Health and Safety Bill
The National Party is holding their annual conference at SkyCity this weekend. This morning, Deborah McMillan placed 291 white crosses outside SkyCity and held a silent vigil. These crosses represent the 291 workers that have died while they were at work since 2010.
New Zealand has a pretty abysmal work Health and Safety record. Our fatality rate is double that of Australia’s and nearly two-thirds higher than the US. In 2012, the government realised the importance of this and (in the wake of the Pike River disaster) appointed a taskforce to review the current Health and Safety legislation. They recommended a reform bill, and two years later, the country is still waiting for it.
Ms McMillan (whose husband passed in 2009 when a branch fell on him at work) is concerned about the fact that, this week, it was revealed the bill has been watered down and employees working at ‘low-risk’ businesses - with less than 20 employees - will not have the right to ask for a Health and Safety rep at their business. It also exempts farmers from some of the law changes. Opposition parties and trade unions are accusing National of stripping away the vital changes that the bill would have introduced.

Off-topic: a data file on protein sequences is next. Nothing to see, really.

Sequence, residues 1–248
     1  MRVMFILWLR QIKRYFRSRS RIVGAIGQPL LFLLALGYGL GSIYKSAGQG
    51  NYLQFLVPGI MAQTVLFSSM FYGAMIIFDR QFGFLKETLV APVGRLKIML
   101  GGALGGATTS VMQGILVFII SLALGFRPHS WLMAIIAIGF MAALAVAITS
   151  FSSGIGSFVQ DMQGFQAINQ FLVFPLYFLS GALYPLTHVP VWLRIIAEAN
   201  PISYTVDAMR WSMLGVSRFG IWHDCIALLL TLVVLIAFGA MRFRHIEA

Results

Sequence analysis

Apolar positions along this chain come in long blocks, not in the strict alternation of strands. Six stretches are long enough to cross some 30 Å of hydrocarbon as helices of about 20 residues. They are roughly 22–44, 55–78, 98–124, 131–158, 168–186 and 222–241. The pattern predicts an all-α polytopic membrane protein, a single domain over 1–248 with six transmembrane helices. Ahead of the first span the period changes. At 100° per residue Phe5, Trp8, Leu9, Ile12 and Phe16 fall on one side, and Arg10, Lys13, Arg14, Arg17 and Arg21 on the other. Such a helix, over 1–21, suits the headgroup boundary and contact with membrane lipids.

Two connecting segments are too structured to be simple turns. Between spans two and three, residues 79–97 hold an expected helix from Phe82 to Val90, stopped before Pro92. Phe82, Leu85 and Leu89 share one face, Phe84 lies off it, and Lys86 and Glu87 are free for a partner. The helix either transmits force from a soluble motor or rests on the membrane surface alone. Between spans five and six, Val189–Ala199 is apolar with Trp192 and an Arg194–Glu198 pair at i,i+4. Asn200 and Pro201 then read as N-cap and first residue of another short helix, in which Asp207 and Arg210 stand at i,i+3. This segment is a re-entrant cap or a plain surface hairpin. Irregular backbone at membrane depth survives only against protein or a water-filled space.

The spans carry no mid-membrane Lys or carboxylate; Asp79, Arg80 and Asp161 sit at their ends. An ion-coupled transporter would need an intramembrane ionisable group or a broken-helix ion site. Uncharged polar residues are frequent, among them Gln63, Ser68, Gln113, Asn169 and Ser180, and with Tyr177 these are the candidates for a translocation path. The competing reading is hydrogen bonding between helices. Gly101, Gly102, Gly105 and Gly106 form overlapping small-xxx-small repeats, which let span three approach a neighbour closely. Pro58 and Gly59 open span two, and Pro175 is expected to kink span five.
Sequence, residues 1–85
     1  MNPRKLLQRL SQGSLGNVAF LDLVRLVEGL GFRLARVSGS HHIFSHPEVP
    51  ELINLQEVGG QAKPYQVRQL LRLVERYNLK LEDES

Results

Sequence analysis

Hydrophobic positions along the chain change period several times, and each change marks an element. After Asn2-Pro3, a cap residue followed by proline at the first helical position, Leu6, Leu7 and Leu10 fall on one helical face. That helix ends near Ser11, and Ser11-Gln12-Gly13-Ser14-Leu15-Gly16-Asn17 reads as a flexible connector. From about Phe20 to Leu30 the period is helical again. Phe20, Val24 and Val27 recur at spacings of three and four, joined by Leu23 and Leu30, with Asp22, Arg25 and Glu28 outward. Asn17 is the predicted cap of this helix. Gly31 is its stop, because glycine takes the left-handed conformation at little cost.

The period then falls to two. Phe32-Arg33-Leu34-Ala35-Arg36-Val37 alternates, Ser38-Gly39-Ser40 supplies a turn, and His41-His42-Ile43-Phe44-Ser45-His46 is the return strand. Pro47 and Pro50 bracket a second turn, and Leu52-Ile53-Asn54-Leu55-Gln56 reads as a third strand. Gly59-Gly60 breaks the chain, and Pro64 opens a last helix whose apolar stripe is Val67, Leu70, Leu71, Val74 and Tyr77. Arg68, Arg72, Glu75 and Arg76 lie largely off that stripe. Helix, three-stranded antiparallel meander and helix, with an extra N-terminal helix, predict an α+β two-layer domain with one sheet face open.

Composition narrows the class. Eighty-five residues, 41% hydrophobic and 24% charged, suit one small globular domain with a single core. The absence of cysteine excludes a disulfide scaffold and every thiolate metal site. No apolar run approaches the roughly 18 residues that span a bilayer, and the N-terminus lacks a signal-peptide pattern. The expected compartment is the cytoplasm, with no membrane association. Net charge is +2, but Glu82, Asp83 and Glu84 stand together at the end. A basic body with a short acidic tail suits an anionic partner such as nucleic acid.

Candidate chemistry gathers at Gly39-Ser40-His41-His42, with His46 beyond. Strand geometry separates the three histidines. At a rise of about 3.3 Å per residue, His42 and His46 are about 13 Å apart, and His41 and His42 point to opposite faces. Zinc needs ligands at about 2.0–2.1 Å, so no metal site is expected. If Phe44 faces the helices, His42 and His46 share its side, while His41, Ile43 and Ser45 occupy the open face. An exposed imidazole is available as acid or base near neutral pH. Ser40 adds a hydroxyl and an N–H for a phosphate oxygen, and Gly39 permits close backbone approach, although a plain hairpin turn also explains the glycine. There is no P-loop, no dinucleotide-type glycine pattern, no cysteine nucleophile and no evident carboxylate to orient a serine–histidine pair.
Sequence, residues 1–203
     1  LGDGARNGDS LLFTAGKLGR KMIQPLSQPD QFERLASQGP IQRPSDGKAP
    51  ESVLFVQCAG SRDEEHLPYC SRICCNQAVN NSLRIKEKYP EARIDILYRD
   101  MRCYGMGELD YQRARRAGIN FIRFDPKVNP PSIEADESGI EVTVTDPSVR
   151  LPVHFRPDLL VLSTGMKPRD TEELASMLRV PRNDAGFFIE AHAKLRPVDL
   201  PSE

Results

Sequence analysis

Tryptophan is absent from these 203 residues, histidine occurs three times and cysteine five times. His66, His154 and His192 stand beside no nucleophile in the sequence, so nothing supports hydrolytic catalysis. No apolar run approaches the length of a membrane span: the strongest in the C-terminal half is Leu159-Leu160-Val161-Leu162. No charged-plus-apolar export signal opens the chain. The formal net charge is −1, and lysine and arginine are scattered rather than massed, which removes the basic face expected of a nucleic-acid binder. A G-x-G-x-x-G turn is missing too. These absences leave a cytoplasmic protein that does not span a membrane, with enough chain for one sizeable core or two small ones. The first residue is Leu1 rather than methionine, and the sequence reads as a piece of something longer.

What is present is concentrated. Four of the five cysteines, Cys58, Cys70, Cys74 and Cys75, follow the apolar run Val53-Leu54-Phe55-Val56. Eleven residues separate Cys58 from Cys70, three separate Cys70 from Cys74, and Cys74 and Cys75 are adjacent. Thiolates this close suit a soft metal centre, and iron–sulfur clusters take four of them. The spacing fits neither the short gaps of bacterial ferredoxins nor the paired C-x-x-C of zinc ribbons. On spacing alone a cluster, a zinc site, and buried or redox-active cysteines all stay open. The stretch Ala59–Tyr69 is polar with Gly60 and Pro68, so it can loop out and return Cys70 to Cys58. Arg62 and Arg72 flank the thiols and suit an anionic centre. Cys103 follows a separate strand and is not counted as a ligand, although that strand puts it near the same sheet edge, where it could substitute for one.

Turkey and ISIS
There’s been a dramatic turn of events in the Middle East as Turkey has finally decided to work with its allies against Islamic State. Turkey borders Syria, therefore they are in a prime position to have a base from which to attack Islamic State. However, over the last two years, Turkey has done very little to join in on the fight. The country is a member of NATO, who are actively fighting the militant group, and they also passed a vote in October last year saying they would help out, but until now, nothing has happened.
Until this week; an Islamic State suicide bomber killed 32 people in Suruç, a Turkish town near Syria. This put huge pressure on Turkey’s president, Recep Tayyip Erdoğan, to do something. After a quick chat to Obama, Turkish aircrafts are now being used in the fight, and the US have been given permission to use Turkish airbases, much closer than the ones in the gulf, giving them a lot more flexibility.
Turkey’s change of heart is not solely due to the suicide bomber this week, but because of the President’s relationship with the Kurds - an ethnic group in many Middle Eastern countries. Erdoğan doesn’t like them andbelieves their fighter groups are terrorists. However, because Turkey hasn’t been helping out with the fight against Islamic State, the US have really relied on groups of Kurds to help them out instead. Erdoğan is wary that they have become an important ally to the US - and through this could possibly gain independence; so, by joining in on the fight, they are trying to cut the relationship between the Kurds and the US.
For Obama, this agreement with Turkey is a huge step in his fight against Islamic State.